15 articles

Vivien Leigh Biopic in Works From ‘Feud: Betty and Joan’ Writers (Exclusive)

10 hours ago | Variety - Film News | See recent Variety - Film News news »

Feud: Betty and Joan” writers Michael Zam and Jaffe Cohen are making a biopic about Vivien Leigh.

The duo received an Emmy nomination with Ryan Murphy for best writing for a limited series for the FX show.

Zam and Cohen will adapt the feature from Hugo Vickers’ “Vivien Leigh: A Biography.” The film will focus on the life of the actress and her relationship with Laurence Olivier, who was her spouse from 1940 to 1960.

Leigh won best actress Academy Awards for her portrayal of  Scarlett O’Hara in “Gone With the Wind” (1939) and Blanche DuBois in “A Streetcar Named Desire” (1951). She also won a Tony in 1963 for best actress in a musical for “Tovarich.” She suffered from bipolar disorder and tuberculosis, and died at the age of 53 in 1967. »

- Dave McNary

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Billy Nighy, Jack Lowden Step Into ‘Made In Italy’

19 hours ago | Deadline | See recent Deadline news »

Bill Nighy and Jack Lowden (Mary Queen of ScotsDunkirk) are now attached to James D'Arcy's feature screenplay and directorial debut Made In Italy. The comedy, set in Tuscany, is about a bohemian London artist Robert (Nighy), who returns to Italy with his estranged son Jack (Lowden) to make a quick sale of the house they inherited from his late wife. The film is slated to go before the cameras next year in both Tuscany and London. The film was developed by London-based… »

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Retrial! How Dan Gilroy & Denzel Trimmed 12 Minutes Of ‘Roman J. Israel, Esq’ Following Toronto Bow

19 hours ago | Deadline | See recent Deadline news »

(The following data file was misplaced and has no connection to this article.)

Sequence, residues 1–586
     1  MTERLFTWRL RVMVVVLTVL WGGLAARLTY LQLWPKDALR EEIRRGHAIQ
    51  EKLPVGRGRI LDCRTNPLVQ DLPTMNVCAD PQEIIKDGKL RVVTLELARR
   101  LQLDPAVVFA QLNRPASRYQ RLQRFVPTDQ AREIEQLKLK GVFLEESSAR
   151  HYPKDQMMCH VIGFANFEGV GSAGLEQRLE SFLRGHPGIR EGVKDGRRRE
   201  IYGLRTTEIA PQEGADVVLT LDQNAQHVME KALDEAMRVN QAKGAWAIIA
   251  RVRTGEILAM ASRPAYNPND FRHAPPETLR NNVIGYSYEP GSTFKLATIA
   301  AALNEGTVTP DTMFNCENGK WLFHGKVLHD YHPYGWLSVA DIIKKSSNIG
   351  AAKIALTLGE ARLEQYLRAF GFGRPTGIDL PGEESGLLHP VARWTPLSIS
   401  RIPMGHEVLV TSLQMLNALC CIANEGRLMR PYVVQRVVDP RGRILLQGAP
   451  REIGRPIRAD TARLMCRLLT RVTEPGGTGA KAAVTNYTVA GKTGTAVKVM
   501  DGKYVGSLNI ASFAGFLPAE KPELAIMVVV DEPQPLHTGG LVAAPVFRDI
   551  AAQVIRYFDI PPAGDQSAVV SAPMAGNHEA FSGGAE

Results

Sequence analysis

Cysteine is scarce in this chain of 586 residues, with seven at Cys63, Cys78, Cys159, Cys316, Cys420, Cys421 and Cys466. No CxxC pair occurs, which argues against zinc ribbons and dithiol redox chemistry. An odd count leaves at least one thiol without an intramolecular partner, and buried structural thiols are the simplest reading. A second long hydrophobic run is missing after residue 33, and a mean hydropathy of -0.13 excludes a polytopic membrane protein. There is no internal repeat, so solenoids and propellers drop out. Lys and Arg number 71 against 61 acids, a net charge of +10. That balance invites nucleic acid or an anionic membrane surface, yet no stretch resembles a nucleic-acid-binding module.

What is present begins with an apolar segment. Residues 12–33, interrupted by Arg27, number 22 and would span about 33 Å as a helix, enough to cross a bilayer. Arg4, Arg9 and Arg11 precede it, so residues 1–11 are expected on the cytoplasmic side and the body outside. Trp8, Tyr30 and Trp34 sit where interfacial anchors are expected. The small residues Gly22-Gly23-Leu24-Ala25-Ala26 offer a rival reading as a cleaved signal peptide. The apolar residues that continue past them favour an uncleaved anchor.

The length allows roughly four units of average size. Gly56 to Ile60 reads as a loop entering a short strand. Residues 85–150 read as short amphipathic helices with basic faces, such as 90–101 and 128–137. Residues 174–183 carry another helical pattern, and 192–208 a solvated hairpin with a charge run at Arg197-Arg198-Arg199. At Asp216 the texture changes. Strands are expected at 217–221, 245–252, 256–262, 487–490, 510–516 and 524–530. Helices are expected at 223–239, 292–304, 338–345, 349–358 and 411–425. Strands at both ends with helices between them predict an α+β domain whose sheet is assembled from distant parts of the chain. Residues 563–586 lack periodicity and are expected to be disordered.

Exclusive: The creative team behind the legal thriller Roman J. Israel, Esq is appealing for a retrial. After a Toronto International Film Festival premiere, the drama has been substantially reconfigured by writer/director Dan Gilroy and star Denzel Washington, to become what they feel is a much leaner, tighter and more focused drama. They dropped a dozen minutes from the running time, moved up a key scene, dropped another, and radically changed the musical backdrop. Sony… »

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‘Lone Wolf and Cub’ Remake Hires Andrew Kevin Walker to Pen Screenplay For Justin Lin

20 hours ago | Slash Film | See recent Slash Film news »

Seven scribe Andrew Kevin Walker has been tapped to pen a new adaptation of the manga Lone Wolf and Cub. Previously adapted into a six-film series in the 1970s, the new take on Lone Wolf and Cub will be produced by Justin Lin, who will likely direct as well. Hop into a baby cart to hades and […]

The post ‘Lone Wolf and Cub’ Remake Hires Andrew Kevin Walker to Pen Screenplay For Justin Lin appeared first on /Film. »

- Chris Evangelista

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‘Boo 2!’ To Shut Down Expensive ‘Geostorm’ In Crowded Weekend – Box Office Preview

20 hours ago | Deadline | See recent Deadline news »

For a second weekend in a row, a low-budget movie will take out an exorbitantly-budgeted one for the top spot. Lionsgate’s Tyler Perry’s Boo 2! A Madea Halloween, the sequel to last autumn’s surprise hit, is expected to make $20 million-$25 million in a crowded weekend that includes such wide entries as Warner Bros/Skydance Media’s $120M-plus disaster film Geostorm, Universal/Working Title’s The Snowman, Sony/Black Label Media’s forest firefighter movie Only the Brave »